Conquest if the Empire
Buck Rogers Battle for the 25th Century
War and Peace
Old Milton Bradley's Broadside, Dogfight, and Screaming Eagles
My own mixes
Hero Fix - various house-ruled versions of HeroClix including my son's with Lego minifigs
Blood Feud New York with Sons of Anarchy
and not yet published
Shores of Tripoli - a light wargame we're playtesting with Viktory II pieces, others are using Broadside pieces
1. Camp Grizzly - All the good AmeriTrash games tell stories, and Camp Grizzly consistently tells entertaining stories. It's a semi-cooperative game, so there is occasionally a vast betrayal. The five small expansions add significant replay value, but the base game is a very solid, well-rounded experience, perfectly capturing the summer camp slasher movie style with a simple board, some dice, and some decks of cards. The play time is typically 60 to 90 minutes and it is easy to teach, so Camp Grizzly hits the table often and everybody enjoys it.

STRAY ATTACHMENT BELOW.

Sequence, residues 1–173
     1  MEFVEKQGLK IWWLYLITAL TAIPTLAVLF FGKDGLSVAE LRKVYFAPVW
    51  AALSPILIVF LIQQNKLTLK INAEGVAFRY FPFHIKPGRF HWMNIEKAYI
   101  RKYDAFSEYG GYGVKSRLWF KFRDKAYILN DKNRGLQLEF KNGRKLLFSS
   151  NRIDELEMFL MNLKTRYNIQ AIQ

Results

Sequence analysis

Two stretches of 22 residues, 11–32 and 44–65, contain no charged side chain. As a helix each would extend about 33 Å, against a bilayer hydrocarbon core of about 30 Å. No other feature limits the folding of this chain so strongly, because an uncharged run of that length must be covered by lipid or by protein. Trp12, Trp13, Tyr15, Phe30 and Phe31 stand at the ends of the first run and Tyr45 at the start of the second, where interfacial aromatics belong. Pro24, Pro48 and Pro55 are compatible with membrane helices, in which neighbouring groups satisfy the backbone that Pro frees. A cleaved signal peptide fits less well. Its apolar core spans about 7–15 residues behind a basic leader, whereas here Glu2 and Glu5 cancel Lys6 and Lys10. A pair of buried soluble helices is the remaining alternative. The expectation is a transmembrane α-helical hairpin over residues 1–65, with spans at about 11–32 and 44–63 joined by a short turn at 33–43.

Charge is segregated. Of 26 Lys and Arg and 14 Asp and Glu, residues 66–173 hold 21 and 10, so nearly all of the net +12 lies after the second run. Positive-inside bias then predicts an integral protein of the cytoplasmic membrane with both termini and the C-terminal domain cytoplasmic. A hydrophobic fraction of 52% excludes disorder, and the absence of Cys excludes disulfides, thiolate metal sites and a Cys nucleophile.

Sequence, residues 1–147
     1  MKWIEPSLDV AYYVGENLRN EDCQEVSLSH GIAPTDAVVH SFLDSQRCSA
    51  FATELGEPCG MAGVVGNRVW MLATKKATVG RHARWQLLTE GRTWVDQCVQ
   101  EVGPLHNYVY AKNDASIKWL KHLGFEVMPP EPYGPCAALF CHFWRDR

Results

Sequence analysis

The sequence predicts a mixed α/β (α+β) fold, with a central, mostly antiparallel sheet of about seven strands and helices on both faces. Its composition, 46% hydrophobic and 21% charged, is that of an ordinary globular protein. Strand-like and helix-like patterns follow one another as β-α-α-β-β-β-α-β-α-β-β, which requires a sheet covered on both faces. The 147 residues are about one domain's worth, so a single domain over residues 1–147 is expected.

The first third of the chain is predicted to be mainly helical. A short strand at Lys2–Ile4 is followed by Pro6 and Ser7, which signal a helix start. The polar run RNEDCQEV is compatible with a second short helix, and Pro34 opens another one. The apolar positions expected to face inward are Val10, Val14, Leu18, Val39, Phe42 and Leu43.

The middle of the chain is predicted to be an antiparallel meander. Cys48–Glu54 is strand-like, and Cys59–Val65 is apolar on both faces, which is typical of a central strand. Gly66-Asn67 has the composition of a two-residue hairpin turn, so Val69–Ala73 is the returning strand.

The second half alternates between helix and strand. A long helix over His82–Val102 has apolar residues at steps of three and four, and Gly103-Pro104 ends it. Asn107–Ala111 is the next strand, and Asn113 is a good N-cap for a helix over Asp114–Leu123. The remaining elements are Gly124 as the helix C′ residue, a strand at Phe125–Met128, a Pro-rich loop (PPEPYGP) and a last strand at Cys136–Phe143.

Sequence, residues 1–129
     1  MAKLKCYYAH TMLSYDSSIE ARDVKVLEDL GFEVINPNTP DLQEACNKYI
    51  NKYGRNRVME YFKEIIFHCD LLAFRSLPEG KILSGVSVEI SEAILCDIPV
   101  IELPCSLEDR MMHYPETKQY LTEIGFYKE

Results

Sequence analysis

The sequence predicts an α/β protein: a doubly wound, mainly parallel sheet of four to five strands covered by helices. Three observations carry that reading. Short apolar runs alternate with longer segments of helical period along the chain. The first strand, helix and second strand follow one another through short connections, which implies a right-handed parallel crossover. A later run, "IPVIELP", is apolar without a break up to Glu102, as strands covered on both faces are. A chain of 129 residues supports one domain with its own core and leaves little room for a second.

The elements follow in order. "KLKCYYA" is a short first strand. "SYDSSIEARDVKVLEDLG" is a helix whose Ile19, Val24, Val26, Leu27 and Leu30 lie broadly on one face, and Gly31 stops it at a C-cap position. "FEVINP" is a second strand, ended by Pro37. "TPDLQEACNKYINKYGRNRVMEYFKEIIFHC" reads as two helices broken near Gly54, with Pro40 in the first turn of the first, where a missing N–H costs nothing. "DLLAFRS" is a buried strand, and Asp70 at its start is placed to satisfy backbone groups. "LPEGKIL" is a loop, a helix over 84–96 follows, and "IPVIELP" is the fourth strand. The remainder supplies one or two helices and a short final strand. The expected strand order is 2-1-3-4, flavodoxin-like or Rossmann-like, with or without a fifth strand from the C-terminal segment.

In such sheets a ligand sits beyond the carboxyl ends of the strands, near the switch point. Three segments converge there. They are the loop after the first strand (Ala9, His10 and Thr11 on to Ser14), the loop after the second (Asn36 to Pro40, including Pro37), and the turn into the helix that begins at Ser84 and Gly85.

2. Marvel Champions - I grew up reading comics, especially Marvel superhero comics, and I have long been searching for a good superhero game that really captures the feel of the genre. Marvel Champions finally delivers the goods, in a co-op/solo game about scheming super-villains and the heroes that thwart them. The game is not extremely complicated, but there is enough meat on the bones of the rules that the designers have been able to successfully and thematically express a wide range of characters. The game offers the chance to customize player decks, but doesn't require it, and I am the rare CCG veteran who never enjoyed deck design.